Dog Eating Feces? Stop Dog from Eating Poop
with Coprophagia Treatments
A dog eating feces can be quite repulsive from a dog owner's perspective, especially when Rover decides to come by and deliver a few kisses right after consuming the delicacy. But as much as this behavior leads to disgusting reactions from humans, the act of eating feces is not typically an abnormal behavior among canines.
Indeed, there are a variety of factors motivating dogs to engage in such behavior and some are even linked to survival.
However, there are also many health implications to keep in mind; therefore, this behavior should be discouraged as much as possible.
Understanding Dog Eating Feces Behaviors
As mentioned, coprophagia, the technical term for stool eating, is not an uncommon behavior in the canine world. For example, a mother dog will ingest the puppy's feces to prevent unhygienic conditions which could potentially lead to disease.
As the puppies grow, they will also go through a normal oral stage where they will experiment eating just about anything, including feces. Dog eating feces behaviors, however, may continue as the dog matures and can affect dogs of any age.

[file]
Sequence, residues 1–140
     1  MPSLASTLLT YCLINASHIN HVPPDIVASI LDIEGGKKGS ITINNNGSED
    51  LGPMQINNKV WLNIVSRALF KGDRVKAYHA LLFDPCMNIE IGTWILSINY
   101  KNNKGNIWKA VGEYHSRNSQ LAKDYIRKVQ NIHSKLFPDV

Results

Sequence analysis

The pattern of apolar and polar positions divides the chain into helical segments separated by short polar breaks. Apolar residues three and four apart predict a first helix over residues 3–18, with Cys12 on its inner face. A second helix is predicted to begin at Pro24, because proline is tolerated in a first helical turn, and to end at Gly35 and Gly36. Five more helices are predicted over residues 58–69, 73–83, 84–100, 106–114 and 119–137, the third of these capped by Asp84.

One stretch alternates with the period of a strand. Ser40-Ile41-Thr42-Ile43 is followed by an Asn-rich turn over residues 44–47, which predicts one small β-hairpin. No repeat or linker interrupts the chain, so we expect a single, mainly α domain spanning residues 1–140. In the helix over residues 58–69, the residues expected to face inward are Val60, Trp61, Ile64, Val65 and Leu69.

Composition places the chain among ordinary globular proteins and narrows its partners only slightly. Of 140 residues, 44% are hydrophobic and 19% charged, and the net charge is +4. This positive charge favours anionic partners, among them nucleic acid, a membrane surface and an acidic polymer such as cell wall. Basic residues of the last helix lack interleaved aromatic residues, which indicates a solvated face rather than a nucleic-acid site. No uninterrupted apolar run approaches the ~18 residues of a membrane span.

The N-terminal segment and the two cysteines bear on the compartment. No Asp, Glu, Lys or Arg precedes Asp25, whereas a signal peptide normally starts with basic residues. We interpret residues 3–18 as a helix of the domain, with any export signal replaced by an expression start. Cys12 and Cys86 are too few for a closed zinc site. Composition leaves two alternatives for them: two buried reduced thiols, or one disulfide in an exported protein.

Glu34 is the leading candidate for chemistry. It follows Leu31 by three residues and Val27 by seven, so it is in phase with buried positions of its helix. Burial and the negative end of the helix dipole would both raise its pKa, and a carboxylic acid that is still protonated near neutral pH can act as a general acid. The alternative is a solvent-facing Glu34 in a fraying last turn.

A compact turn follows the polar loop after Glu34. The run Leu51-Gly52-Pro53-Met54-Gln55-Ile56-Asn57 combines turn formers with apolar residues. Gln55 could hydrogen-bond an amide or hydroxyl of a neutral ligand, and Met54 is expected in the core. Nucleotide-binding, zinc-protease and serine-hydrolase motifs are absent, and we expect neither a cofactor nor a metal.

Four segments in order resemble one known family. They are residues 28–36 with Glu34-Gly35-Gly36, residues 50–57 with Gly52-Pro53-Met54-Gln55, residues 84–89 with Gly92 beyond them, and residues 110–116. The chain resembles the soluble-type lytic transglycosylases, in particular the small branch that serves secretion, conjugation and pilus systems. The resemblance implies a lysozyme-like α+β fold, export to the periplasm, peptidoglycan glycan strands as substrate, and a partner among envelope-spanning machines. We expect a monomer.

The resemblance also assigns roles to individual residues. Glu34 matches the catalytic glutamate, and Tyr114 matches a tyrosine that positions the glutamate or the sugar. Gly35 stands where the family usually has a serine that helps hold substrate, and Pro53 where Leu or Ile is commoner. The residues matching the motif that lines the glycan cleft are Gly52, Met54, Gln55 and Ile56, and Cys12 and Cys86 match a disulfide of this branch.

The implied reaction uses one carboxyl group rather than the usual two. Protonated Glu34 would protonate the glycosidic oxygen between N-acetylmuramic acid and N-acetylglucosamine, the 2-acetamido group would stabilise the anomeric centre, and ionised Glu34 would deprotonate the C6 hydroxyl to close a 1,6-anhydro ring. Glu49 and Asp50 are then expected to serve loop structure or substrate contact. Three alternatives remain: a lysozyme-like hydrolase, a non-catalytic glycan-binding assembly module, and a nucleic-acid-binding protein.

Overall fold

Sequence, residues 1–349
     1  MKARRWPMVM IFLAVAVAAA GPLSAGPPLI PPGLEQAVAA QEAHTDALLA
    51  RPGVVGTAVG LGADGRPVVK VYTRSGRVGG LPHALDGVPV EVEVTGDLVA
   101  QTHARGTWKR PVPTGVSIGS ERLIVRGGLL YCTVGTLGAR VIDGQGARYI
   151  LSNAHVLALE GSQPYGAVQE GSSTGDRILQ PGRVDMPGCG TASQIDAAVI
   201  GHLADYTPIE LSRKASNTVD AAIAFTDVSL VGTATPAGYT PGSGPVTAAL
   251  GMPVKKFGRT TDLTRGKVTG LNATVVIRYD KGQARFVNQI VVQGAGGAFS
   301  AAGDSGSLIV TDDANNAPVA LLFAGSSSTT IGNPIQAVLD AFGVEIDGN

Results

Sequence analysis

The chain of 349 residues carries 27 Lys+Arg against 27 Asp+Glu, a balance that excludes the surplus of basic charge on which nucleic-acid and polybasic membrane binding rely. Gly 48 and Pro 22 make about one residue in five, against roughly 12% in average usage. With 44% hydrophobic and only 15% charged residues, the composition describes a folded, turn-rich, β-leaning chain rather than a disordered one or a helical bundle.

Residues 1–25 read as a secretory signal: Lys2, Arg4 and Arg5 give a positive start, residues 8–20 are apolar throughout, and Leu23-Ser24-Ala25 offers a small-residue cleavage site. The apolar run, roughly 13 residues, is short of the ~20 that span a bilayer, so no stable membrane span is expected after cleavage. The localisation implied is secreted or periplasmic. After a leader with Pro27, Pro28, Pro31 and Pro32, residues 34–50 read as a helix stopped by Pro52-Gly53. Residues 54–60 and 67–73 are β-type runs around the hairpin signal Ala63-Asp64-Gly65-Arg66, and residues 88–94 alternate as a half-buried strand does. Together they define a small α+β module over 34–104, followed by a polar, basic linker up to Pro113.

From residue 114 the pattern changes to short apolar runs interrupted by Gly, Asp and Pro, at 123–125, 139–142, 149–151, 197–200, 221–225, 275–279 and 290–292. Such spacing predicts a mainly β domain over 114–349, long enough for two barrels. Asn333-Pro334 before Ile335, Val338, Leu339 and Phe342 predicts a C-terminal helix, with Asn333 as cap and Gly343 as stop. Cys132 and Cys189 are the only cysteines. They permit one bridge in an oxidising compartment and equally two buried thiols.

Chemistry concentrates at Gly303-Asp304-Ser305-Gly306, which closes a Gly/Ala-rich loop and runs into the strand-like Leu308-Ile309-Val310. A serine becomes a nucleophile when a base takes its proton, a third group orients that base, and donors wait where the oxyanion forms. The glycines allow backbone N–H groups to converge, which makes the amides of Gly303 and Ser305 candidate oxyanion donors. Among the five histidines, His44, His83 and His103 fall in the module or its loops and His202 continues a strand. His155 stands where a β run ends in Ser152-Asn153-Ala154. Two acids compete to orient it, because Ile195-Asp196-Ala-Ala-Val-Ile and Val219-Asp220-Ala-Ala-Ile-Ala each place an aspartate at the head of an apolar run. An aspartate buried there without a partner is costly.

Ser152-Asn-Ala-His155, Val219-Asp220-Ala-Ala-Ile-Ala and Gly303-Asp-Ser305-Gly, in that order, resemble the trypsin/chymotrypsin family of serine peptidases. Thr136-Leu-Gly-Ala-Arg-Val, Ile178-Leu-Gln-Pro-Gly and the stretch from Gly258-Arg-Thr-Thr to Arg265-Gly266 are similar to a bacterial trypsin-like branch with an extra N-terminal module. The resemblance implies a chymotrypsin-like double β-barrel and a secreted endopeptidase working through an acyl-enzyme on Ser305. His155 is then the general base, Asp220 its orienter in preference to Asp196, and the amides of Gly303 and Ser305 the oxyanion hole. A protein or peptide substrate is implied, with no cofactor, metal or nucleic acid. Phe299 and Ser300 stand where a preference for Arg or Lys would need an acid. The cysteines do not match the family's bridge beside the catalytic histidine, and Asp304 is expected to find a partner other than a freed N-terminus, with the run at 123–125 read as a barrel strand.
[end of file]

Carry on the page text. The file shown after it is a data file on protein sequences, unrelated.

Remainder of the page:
As opportunistic beings and scavengers, canines may engage in stool eating behaviors when the right opportunity arises. This behavior over time can become difficult to eradicate because it can be highly self-rewarding.
Feces ingested by poop-eating dogs do not have to necessarily be of dogs; indeed, many dogs find cat, horse, cow, chicken, rabbit and goat feces quite appealing as well.
The Typical Stool Eating Candidate
Some dogs may be more predisposed to stool eating than others. For instance, dogs affected by certain medical conditions may resort to stool eating as a result. A dog with digestive problems such as malabsorption, for example, may find the stools appealing because they are only partly digested. For this reason, it is important to have a dog eating feces see a vet to rule out any medical problems.
In some dogs stool eating habits develop as a result of boredom, anxiety or frustration. If a puppy is often punished for soiling in the home, the puppy may decide to ingest the stools because they have been associated with the owner's anger.
Some dogs may occasionally eat stools if they are appealing enough; for instance, some dogs are particularly attracted to frozen stools or stools of cats which are quite rich in protein.
Health Implications of Eating Feces
Concerned about dog eating feces? There are several health risks dogs are exposed to when eating feces. Feces are notorious for containing the eggs of several intestinal parasites and other potentially harmful bacteria.
Humans may also be exposed indirectly to such bacteria upon getting in contact with the saliva of a dog that has just eaten feces. Good hand-washing habits are a must for owners of dogs affected by coprophagia.
Dogs engaging in this distasteful habit, on the other hand, should undergo frequent fecal examinations to rule out the presence of harmful parasites and bacteria.
How to Stop Dog From Eating Feces